Monday, May 28, 2012

Blog Tour: Written in the Ashes by K. Hollan VanZandt

Who burned the Great Library of Alexandria? When the Roman Empire collapses in the 5th century, the city of Alexandria, Egypt is plagued with unrest. Paganism is declared punishable by death and the populace splinters in religious upheaval. Hannah, a beautiful Jewish shepherd girl is abducted from her home in the mountains of Sinai and sold as a slave in Alexandria to Alizar, an alchemist and successful vintner. Her rapturous singing voice destines her to become the most celebrated bard in the Great Library. Meanwhile, the city's bishop, Cyril, rises in power as his priests roam the streets persecuting the pagans. But while most citizens submit, a small resistance fights for justice. Hypatia, the library's charismatic headmistress, summons her allies to protect the world's knowledge from the escalating violence. Risking his life, his family, and his hard-earned fortune, Alizar leads the conspiracy by secretly copying the library's treasured manuscripts and smuggling them to safety. When Hannah becomes the bishop's target, she is sequestered across the harbor in the Temple of Isis. But an ancient ceremonial rite between a monk and priestess inside the Pharos lighthouse ignites a forbidden passion. Torn between the men she loves, Hannah must undertake a quest to the lost oracles of Delfi and Amun-Ra to find the one thing powerful enough to protect the pagans: The Emerald Tablet. Meanwhile, the Christians siege the city, exile the Jews, and fight the dwindling pagan resistance as the Great Library crumbles. But not everything is lost. . .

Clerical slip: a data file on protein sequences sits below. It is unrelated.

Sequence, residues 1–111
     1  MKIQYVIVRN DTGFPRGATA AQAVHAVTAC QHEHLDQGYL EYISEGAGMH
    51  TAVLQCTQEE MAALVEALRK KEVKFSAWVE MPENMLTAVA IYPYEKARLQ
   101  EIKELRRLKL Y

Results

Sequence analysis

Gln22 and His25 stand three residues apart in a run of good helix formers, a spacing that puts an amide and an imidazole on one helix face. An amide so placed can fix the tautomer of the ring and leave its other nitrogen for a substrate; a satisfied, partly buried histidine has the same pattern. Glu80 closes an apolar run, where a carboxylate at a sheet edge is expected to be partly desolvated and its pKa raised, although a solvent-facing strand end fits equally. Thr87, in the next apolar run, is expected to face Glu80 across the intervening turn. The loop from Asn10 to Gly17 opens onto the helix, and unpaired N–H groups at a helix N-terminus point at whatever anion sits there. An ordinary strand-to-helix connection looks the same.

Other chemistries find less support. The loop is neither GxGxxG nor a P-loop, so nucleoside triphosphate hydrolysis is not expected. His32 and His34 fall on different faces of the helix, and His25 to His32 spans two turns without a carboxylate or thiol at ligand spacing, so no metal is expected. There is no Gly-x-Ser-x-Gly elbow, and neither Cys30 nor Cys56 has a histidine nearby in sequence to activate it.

A beautiful historical fiction, this book will stay with you long after it’s over.

This is really historical fiction at its best. The writing is lush with details, leading the reader into a time that is not as well known, perhaps, as the usual Victorian or even Renaissance periods. There is an epic feel to the story which bodes well for having a sequel, or even a few books to follow it. There is enough action to keep most readers interested, even amidst the beautiful and rich descriptions, so don’t think that it will be all period detail and no plot line.

The writing is well balanced, although there are a few grammatical concerns. I think with a tiny bit more editing all of that could be resolved. There is a wonderful sense of magic along with history that will fascinate most readers into wanting to read more about this time period. The goddesses that the author creates are alone worth the book.

I highly recommend this. It is a quick read which is a strange thing to say about a novel that takes place in the fifth century, but since its pacing is so well done, there is not a single moment of dullness. Definitely an interesting read.

1 comment:

TheReadingPenguin said...

This looks so very, very intriguing. For one thing, it isn't a time period that I've already studied extensively, so it feel very fresh to me. Thanks for sharing!